Drug Allergy
January 8, 2005

Rana Misiak, MD
James Baldwin, MD

Epidemiology of Drug-Induced Allergic Reactions

An adverse drug reaction (ADR) is any noxious, unintended, or undesired effect of a drug that occurs at doses used for prevention, diagnosis, or treatment, as defined by the World Health Organization. 1   Adverse drug reactions include drug-induced allergic reactions.  One study which analyzed data collected by the Boston Collaborative Drug Surveillance Program from June 1975 to 1982, found that antibiotics account for most drug-induced cutaneous allergic reactions, including amoxicillin, trimethoprim-sulfamethoxazole, ampicillin, cephalosporins, erythromycin, and penicillin G. 2

Classification of Drug-Induced Allergic Reactions

ADRs may be classified into type A and type B reactions (Table 1). Type A reactions account for approximately 80% of ADRs, and are predictable, common, and related to the pharmacologic actions of the drug. 3   This type of reaction includes overdose (e.g., acetaminophen causing hepatic failure), side effects (e.g., nausea and headache with methylxanthines), secondary or indirect effects (e.g., GI bacterial overgrowth with antibiotics), and drug interactions (e.g., erythromycin increasing digoxin serum levels). 4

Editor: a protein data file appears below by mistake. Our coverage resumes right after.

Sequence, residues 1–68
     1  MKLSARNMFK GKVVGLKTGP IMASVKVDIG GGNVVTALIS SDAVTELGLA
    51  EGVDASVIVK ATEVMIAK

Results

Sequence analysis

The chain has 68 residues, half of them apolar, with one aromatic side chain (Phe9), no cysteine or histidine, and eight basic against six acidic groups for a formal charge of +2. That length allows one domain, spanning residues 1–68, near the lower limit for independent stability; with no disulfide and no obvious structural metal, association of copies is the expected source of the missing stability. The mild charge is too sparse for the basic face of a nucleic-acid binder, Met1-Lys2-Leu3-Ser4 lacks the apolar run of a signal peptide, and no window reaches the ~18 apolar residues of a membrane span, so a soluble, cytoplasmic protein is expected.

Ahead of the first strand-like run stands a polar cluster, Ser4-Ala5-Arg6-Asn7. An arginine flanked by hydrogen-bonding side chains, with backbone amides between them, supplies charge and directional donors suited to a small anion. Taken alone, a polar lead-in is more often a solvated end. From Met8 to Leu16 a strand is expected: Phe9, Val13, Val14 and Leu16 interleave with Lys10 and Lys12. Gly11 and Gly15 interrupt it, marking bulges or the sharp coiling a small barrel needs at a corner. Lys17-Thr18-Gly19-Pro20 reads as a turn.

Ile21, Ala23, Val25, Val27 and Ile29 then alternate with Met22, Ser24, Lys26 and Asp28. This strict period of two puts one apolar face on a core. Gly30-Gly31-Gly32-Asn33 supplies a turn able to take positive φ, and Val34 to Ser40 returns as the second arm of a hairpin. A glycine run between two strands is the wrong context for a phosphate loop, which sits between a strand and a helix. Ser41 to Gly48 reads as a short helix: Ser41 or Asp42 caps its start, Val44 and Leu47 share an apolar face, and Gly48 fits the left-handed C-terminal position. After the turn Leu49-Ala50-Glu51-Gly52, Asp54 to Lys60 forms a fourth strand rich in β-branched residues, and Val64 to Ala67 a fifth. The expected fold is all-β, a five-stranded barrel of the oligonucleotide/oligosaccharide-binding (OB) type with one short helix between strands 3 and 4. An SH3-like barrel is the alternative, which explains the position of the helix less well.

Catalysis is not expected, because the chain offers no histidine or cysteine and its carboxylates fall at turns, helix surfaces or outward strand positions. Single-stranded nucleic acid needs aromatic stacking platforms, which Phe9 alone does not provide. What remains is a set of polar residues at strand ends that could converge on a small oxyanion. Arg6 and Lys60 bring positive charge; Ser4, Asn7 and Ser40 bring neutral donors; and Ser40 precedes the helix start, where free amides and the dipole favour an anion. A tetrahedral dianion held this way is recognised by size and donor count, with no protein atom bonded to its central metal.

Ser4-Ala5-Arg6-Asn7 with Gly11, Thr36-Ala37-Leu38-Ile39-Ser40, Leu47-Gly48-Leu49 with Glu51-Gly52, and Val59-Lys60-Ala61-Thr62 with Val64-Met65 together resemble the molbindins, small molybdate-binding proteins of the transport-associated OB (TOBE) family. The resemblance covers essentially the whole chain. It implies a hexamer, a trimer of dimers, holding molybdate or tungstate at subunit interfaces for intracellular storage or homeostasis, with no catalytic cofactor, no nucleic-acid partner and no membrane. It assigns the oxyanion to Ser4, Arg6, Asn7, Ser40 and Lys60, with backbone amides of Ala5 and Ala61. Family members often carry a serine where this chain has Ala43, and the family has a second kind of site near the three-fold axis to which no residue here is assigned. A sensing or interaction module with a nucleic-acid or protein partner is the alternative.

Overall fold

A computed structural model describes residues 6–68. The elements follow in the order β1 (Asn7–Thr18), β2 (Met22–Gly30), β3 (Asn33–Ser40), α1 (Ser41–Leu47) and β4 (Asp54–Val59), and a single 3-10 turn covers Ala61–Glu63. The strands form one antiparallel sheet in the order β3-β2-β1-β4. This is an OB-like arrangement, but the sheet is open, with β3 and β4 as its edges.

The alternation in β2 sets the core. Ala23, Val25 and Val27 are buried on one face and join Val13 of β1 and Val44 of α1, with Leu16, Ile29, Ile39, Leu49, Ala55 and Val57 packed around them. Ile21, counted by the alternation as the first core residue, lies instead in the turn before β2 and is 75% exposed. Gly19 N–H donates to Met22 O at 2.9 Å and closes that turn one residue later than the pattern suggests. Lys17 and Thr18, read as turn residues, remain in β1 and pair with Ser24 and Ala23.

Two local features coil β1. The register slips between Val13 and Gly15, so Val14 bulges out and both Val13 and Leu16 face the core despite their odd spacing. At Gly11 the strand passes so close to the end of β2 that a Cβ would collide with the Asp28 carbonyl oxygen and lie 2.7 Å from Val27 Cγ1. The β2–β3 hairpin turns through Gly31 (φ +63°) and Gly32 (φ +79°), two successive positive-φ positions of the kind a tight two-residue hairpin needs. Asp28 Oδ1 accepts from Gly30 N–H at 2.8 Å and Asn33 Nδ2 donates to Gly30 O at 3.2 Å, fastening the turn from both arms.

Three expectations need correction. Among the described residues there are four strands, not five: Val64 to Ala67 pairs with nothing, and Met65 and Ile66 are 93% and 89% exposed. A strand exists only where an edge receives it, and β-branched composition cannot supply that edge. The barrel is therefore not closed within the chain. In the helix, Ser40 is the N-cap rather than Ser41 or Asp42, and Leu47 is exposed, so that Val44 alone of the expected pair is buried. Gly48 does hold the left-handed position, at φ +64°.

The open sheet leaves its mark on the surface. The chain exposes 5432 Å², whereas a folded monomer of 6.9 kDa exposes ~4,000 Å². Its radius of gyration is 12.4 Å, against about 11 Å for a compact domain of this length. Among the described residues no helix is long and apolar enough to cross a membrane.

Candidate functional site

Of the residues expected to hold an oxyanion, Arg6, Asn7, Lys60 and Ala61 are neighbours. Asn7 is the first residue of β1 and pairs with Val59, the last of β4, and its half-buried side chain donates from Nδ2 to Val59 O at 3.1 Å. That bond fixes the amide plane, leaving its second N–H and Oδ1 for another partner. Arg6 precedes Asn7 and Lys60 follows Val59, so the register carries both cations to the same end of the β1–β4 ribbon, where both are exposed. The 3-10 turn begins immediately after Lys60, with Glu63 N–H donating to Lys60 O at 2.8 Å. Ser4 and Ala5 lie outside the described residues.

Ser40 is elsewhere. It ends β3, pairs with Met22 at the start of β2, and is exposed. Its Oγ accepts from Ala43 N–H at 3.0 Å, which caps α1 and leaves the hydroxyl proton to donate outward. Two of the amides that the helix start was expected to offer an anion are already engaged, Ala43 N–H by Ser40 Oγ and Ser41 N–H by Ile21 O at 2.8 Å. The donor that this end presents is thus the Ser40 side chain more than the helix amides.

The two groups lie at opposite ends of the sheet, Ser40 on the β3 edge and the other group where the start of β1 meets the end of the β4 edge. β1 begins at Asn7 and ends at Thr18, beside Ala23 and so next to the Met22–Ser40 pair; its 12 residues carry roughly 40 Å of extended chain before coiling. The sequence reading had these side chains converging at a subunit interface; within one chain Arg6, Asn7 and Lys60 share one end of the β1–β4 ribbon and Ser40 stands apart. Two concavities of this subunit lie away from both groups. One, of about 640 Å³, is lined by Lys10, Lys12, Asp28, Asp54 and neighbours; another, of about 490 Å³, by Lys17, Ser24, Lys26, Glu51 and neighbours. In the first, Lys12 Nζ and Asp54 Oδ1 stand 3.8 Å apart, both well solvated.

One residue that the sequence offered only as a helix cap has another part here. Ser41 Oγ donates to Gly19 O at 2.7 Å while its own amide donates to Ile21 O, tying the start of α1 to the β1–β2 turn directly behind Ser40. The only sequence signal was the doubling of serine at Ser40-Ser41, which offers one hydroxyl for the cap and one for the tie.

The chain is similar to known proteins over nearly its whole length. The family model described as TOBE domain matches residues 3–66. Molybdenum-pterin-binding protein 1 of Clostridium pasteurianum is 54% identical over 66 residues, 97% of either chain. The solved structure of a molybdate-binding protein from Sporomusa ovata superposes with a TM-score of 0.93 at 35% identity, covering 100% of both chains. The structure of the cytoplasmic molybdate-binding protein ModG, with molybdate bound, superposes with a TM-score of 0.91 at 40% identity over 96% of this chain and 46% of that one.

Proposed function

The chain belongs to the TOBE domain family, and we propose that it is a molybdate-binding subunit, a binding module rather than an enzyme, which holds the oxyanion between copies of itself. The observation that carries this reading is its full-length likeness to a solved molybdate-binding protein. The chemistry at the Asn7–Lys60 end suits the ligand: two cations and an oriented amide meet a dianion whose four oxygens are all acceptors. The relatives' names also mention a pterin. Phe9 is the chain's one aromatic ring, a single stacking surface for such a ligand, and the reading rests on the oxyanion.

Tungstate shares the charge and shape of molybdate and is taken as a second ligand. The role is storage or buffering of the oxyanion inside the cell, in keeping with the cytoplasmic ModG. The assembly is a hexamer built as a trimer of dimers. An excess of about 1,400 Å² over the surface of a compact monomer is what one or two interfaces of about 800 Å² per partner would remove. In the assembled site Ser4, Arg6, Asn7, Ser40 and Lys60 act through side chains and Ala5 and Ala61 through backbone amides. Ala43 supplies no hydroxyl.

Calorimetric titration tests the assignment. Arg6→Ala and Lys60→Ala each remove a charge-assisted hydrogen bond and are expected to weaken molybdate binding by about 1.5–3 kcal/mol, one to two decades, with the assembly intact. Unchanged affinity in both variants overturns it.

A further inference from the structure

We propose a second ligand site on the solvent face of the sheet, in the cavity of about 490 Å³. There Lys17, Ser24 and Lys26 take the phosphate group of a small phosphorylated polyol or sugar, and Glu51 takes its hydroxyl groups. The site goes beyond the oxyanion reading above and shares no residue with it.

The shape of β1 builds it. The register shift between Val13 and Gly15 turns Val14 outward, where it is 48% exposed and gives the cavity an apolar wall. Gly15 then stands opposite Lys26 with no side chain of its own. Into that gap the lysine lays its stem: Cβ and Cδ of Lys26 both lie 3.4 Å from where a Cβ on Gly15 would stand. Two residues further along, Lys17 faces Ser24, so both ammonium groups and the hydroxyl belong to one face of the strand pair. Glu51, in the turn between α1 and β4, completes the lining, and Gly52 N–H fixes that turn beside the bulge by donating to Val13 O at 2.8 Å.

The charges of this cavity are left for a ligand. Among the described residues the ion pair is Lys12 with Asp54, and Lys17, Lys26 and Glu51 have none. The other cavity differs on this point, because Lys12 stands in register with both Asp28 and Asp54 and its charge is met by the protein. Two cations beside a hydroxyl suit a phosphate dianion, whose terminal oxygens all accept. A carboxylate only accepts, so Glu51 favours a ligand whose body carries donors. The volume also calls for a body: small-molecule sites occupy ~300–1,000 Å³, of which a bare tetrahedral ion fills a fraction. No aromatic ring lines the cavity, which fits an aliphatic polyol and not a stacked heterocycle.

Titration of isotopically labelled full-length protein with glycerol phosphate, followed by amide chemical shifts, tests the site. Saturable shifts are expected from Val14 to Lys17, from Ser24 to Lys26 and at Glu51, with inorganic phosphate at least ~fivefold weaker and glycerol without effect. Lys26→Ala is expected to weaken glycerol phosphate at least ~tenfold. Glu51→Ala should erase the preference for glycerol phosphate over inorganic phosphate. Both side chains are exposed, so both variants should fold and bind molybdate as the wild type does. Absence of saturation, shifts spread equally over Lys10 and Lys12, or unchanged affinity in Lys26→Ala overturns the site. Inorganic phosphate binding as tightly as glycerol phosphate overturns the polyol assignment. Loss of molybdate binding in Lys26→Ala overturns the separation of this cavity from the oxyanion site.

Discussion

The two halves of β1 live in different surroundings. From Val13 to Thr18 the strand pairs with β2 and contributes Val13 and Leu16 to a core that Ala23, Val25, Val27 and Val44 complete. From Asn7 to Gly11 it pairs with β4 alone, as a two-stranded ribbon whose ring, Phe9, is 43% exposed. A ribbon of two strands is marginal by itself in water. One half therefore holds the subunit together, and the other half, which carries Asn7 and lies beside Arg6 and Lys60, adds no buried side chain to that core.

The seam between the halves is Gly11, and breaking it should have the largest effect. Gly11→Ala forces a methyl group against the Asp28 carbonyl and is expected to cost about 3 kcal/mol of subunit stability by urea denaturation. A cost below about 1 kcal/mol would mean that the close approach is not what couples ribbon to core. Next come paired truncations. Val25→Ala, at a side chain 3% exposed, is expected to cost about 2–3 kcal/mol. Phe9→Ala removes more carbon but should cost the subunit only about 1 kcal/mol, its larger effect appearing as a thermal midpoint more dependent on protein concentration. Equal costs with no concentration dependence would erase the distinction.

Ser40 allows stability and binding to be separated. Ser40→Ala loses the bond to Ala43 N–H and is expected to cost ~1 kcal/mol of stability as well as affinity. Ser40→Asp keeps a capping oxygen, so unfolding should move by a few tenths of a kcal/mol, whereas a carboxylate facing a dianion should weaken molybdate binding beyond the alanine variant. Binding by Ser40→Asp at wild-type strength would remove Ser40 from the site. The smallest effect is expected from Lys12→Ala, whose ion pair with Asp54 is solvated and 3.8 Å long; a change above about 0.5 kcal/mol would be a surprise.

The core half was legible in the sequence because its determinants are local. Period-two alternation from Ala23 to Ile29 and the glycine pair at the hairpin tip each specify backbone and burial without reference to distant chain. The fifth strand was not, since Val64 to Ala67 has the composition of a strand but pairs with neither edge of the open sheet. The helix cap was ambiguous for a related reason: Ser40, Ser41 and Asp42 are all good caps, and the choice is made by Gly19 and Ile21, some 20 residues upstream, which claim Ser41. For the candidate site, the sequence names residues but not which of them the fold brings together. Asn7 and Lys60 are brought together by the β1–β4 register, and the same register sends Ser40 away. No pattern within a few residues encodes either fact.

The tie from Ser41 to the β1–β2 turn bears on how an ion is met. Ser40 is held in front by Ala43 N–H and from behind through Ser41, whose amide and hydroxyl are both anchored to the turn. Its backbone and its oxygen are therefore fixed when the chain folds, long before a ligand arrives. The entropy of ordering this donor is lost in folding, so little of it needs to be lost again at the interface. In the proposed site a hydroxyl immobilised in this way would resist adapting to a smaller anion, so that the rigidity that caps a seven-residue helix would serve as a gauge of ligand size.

Type B reactions are unpredictable, uncommon, and usually not related to the pharmacologic actions of the drug. 3 This type of reaction includes drug intolerance, idiosyncratic reactions, and allergic or hypersensitivity reactions. A drug intolerance is a pharmacologically predictable side effect or toxicity that occurs at a low or subtherapeutic dose, such as tinnitus after a single aspirin. 4 Idiosyncratic reactions are qualitatively distinct from known pharmacologic toxicity profiles.  These may result from a defined genetic defect, in the case of primaquine in a patient with G6PD deficiency, or may result from an obscure mechanism, such as with radiocontrast media reactions. 4 Allergic or hypersensitivity reactions are immune mediated.  This type of reaction may be further classified according to the Coombs and Gell classification, as described in Table 2.

Pathogenesis of Drug-Induced Allergic Reactions

Risk factors for drug allergy include the molecular weight of the drug and other chemical properties. 5 In order for a drug to induce an immune response, it must be an effective immunogen. Some drugs, such as peptide hormones, are able to accomplish this intrinsically. 6 Others must bind covalently to high-molecular weight proteins and undergo bioactivation (usually via cytochrome P 450 enzymes in the liver) to a reactive form. 6